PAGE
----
Shows & Panels
- The 2014 Big Picture on Cyber Security
- AFCEA Answers
- Ask the CIO
- Building the Hybrid Cloud
- Connected Government: How to Build and Procure Network Services for the Future
- Continuing Diagnostics and Mitigation: Discussion of Progress and Next Steps
- Federal Executive Forum
- Federal Tech Talk
- The Future of Government Data Centers
- The Future of IT: How CIOs Can Enable the Service-Oriented Enterprise
- Government Perspectives on Mobility and the Cloud
- The Intersection: Where Technology Meets Transformation
- Maximizing ROI Through Data Center Consolidation
- Mitigating Insider Threats in Virtual & Cloud Environments
- Modern Mission Critical Series
- Moving to the Cloud. What's the best approach for me
- Navigating Tough Choices in Government Cloud Computing
- The New Generation of Database
- Reimagining the Next Generation of Government
- Satellite Communications: Acquiring SATCOM in Tight Times
- Targeting Advanced Threats: Proven Methods from Detection through Remediation
- Transformative Technology: Desktop Virtualization in Government
- The Truth About IT Opex and Software Defined Networking
- Value of Health IT
- Air Traffic Management Transformation Report
- Cloud First Report
- General Dynamics IT Enterprise Center
- Gov Cloud Minute
- Government in Technology Series
- Homeland Security Cybersecurity Market Report
- National Cybersecurity Awareness Month
- Technology Insights
- The Cyber Security Report
- The Next Generation Cyber Security Experts
Shows & Panels
Search Tags: EPA
The Environmental Protection Agency's administrator recently mentioned the administrative obstacles of firing employees and suggested Congress change the law. One of the unions representing EPA employees is now responding in a letter that blames management, not employees for agency problems.
For two decades, Douglas James Norton, senior environmental scientist in the Environmental Protection Agency's Watershed Branch, has been spearheading projects to help maintain the health of America's rivers, streams and lakes.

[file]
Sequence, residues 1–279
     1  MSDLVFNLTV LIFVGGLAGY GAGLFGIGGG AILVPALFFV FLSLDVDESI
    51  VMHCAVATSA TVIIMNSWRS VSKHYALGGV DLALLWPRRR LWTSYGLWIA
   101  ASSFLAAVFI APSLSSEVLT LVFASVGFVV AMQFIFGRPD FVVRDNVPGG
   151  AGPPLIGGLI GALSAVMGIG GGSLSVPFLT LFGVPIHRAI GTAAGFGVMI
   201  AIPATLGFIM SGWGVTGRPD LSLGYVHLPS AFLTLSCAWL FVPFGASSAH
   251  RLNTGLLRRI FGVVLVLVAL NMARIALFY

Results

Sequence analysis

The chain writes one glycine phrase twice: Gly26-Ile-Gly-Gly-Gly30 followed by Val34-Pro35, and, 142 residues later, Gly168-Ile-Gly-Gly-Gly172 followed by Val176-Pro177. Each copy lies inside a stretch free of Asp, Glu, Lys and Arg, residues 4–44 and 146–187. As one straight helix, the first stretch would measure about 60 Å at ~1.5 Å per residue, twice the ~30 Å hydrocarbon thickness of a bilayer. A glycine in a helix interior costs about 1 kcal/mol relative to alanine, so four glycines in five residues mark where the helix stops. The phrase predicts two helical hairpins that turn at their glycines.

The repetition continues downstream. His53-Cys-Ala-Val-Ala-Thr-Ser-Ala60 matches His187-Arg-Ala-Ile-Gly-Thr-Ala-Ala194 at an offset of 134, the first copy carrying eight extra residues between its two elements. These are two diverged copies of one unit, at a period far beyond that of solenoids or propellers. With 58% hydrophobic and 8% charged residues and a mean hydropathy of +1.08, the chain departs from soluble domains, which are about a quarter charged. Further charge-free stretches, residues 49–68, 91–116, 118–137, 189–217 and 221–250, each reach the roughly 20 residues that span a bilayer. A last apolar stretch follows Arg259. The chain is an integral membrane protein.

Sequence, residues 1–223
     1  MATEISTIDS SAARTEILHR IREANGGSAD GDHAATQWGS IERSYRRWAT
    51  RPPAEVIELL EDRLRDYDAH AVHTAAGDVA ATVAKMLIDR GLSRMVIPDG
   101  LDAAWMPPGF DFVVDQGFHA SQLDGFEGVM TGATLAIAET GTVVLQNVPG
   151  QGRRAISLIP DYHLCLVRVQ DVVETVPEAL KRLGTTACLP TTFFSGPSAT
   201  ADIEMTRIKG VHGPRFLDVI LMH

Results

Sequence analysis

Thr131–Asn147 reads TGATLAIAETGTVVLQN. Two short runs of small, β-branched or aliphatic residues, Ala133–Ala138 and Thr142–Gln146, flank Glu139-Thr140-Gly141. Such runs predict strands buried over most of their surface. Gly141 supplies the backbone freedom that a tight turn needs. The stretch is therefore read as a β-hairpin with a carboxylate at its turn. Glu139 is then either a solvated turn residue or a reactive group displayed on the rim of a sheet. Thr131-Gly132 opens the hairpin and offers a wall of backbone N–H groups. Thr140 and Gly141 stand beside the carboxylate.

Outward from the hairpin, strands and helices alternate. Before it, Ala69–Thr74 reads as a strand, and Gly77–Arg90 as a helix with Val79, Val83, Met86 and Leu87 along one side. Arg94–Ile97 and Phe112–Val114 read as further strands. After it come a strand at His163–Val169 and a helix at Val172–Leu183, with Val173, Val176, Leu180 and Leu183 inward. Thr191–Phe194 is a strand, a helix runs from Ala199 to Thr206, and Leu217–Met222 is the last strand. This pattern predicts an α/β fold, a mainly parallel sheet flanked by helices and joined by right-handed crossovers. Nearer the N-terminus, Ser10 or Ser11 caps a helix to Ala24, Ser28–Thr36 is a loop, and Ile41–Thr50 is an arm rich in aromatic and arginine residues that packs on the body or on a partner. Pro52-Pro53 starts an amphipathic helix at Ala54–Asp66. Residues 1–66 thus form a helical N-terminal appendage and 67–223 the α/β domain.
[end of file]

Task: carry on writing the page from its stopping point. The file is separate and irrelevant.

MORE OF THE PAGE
The results are in for the latest Federal Green Challenge. The Environmental Protection Agency names the winners for Overall Achievement and for Improvement in the areas of Waste, Electronics, Purchasing, Energy, Water, and Transportation. Mathy Stanislaus is assistant administrator for the Office of Solid Waste and Emergency Response at the EPA. He explains on In Depth with Francis Rose why the agency thinks the Challenge is important and valuable.
The Environmental Protection Agency's Office of Homeland Security has blocked independent investigations by the EPA's inspector general for years, according to a top investigator.
The FBI, and the EPA and GSA IGs have been investigating spear phishing attacks using real federal employee email addresses and stolen credit card numbers to buy toner cartridges online. GSA said scammers so far have targeted employees of the EPA, Interior Department's Fish and Wildlife Service, the Commerce Department's Census Bureau, the Department of Health and Human Services' National Institutes of Health.
Now that early-outs and buyouts are popping up in various agencies, the obvious question, for younger and older workers is: What's in it for me? Unlike the one-size fits all buyouts of the 1990s, the new version is tailor-made to individual groups, grades and regions, Senior Correspondent Mike Causey says.
EPA's "How's My Waterway?" app earned the most votes out of eight finalists in ACT-IAC's Igniting Innovation awards. The site takes public data, simplifies it and adds new technology to make it easier to find and use by the public.
The Environmental Protection Agency has issued targeted early-retirement and buyout offers to hundreds of employees nationwide, according to an American Federation of Government Employees local. EPA officials are planning to offer early-outs at 19 different offices within the agency, spanning all 10 regions. Workers who sign up can receive up to $25,000 and will have to be off the rolls by early April.
New CIO at EPA; GSA gets another OMB detailee.
The agencies issued draft guidelines on how best to assess non-governmental environmental standards and ecolabels already in the marketplace for use in government. Comments are due in February.